Richard Whittall:

The Globalist's Top Ten Books in 2016: The Turbulent World of Middle East Soccer

Middle East Eye: "

The Turbulent World of Middle East Soccer is one of the weightiest, most revelatory, original and important books written about sport"

“The Turbulent World of Middle East Soccer has helped me immensely with great information and perspective.”

Bob Bradley, former US and Egyptian national coach: "James Dorsey’s The Turbulent World of Middle Eastern Soccer (has) become a reference point for those seeking the latest information as well as looking at the broader picture."
Alon Raab in The International Journal of the History of Sport: “Dorsey’s blog is a goldmine of information.”
Play the Game: "Your expertise is clearly superior when it comes to Middle Eastern soccer."
Andrew Das, The New York Times soccer blog Goal: "No one is better at this kind of work than James Dorsey"
David Zirin, Sports Illustrated: "Essential Reading"
Change FIFA: "A fantastic new blog'

Richard Whitall of A More Splendid Life:
"James combines his intimate knowledge of the region with a great passion for soccer"

Christopher Ahl, Play the Game: "An excellent Middle East Football blog"
James Corbett, Inside World Football

Sunday, March 27, 2011

Portuguese Coach Queiroz to Sign With Iran

Portuguese coach Carlos Queiroz will travel to Tehran later this week to finalize his contract as Iran’s new national coach after pro-longing negotiations for weeks to monitor whether anti-government protests sweeping the Middle East would also shake Iran.

Queroz started talks with Iran in February at a moment that opponents of the governments were calling for mass protests in the country. In response, the government temporarily suspended professional soccer matches in the capital Tehran. Government repression stymied the protests before they were able to gain momentum.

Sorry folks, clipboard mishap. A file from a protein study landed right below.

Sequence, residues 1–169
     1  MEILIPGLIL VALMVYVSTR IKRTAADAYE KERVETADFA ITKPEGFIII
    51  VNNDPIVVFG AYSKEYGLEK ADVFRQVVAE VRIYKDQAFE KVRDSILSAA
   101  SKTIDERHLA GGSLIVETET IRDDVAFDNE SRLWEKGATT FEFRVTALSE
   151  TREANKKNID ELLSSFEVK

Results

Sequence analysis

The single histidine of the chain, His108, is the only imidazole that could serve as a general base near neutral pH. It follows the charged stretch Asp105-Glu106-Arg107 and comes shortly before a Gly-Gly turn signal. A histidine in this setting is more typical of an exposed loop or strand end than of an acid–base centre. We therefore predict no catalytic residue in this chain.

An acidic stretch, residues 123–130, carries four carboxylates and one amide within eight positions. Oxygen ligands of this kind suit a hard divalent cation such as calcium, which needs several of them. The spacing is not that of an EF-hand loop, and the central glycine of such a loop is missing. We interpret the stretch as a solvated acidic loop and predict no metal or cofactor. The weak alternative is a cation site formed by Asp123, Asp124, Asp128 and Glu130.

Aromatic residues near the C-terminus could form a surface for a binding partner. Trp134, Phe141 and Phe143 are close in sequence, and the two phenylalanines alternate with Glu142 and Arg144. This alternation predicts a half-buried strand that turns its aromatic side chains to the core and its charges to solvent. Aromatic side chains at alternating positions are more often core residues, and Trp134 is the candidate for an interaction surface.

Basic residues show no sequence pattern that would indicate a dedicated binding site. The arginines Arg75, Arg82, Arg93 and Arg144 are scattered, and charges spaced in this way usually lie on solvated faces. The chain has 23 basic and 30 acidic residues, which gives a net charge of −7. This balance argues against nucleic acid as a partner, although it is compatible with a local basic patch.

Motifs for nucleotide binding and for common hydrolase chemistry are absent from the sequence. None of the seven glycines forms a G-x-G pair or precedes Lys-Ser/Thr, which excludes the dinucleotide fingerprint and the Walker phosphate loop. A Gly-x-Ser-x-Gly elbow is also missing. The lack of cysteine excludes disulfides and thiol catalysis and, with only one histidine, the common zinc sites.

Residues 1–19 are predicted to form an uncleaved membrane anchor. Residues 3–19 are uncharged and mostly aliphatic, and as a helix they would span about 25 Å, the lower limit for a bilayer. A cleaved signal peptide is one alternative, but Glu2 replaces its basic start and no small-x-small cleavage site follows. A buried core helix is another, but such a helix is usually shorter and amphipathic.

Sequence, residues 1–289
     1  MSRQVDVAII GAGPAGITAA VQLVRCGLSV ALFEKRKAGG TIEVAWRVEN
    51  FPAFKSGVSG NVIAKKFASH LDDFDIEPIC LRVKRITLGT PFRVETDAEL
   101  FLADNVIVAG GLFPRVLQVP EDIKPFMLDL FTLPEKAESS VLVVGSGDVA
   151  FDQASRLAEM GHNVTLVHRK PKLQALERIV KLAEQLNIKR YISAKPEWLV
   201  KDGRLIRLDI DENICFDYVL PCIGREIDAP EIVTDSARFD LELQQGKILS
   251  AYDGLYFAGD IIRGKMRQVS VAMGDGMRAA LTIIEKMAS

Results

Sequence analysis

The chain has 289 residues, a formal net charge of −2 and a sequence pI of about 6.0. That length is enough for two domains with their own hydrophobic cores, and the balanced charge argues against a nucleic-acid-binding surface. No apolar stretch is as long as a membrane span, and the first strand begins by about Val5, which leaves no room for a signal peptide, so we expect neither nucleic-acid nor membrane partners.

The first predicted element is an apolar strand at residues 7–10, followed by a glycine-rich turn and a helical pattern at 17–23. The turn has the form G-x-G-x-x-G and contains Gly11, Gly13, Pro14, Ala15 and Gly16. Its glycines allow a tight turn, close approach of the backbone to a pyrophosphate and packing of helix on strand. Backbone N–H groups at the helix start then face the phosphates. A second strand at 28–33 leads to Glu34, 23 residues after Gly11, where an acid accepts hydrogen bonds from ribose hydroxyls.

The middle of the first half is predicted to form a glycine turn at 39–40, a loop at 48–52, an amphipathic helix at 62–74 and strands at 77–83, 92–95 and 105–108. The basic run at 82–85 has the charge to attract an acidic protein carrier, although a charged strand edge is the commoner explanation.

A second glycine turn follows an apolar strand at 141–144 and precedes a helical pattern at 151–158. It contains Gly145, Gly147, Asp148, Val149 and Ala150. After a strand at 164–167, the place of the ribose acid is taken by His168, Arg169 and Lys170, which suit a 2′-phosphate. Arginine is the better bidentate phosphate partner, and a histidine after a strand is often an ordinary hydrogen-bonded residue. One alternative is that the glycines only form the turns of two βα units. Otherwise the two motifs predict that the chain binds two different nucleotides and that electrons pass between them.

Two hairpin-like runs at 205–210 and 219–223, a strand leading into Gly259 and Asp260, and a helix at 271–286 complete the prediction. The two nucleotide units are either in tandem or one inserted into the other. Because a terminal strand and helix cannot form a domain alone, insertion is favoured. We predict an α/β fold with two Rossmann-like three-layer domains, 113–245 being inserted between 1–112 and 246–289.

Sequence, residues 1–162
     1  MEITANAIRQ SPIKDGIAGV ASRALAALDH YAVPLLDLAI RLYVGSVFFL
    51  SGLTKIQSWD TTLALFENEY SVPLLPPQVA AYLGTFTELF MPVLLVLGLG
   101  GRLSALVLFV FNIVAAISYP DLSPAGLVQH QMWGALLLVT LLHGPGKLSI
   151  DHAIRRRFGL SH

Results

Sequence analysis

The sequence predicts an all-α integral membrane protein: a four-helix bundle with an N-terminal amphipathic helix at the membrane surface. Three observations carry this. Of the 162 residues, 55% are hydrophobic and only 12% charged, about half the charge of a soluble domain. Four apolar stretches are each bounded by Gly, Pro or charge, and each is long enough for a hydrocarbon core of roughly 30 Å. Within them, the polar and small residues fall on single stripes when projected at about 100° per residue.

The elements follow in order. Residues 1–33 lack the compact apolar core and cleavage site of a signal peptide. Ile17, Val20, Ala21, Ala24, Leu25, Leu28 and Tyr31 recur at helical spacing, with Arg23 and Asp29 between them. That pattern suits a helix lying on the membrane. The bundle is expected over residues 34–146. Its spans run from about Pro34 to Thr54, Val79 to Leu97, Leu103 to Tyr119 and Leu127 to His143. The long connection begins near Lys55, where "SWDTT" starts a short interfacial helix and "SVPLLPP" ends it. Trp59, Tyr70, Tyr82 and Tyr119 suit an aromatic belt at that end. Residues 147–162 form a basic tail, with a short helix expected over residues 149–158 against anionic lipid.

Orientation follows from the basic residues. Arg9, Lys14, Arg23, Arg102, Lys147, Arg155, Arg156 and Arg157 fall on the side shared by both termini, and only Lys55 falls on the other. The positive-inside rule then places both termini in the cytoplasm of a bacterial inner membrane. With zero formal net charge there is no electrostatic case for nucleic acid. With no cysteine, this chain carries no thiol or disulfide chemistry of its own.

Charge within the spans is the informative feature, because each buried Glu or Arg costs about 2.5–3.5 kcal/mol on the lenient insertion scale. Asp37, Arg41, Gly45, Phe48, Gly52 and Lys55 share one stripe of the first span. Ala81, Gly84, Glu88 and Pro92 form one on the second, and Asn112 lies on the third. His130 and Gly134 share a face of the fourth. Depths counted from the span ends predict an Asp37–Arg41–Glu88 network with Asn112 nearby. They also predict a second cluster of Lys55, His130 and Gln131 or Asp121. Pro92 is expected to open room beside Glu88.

State-run Iranian Press TV said agreement with Queiroz was facilitated by the fact that the Portuguese anti-doping agency had lifted its six-month suspension of the trainer for insulting anti-doping agents. Queiroz was sacked as Portugal's national coach as a result of the ban.
Queiroz was Sir Alex Ferguson's assistant manager at Manchester United before becoming Portugal's head coach.

Queiroz initially turned down Iran’s offer of a $6 million, three-year contract as coach citing family reasons. Iranian officials said Queiroz’s wife did not want to live in Iran, a country that imposes strict conservative mores on women in public.

Iran’s persistence in pursuing Queiroz is likely supported by Iranian President Mahmoud Ahmedinejad who has taken an active interest in recent years in the appointment of national team’s coaches. Ahmedinejad sees the team’s performance as a key tool in garnering popularity.

Soccer analysts believe Queiroz could indeed make a major contribution to the Iranian team, which like all other Middle Eastern squads, performed poorly at this year’s Asian Cup.

“It seems to me that Queiroz honestly wishes to do some bottom up constructive work. His ideas are the most comprehensive I have heard from any coach or candidate for the Team Melli (the Iranian national team’s nickname) job in recent years,” said prominent Iranian soccer blogger Afshin Afshar said.

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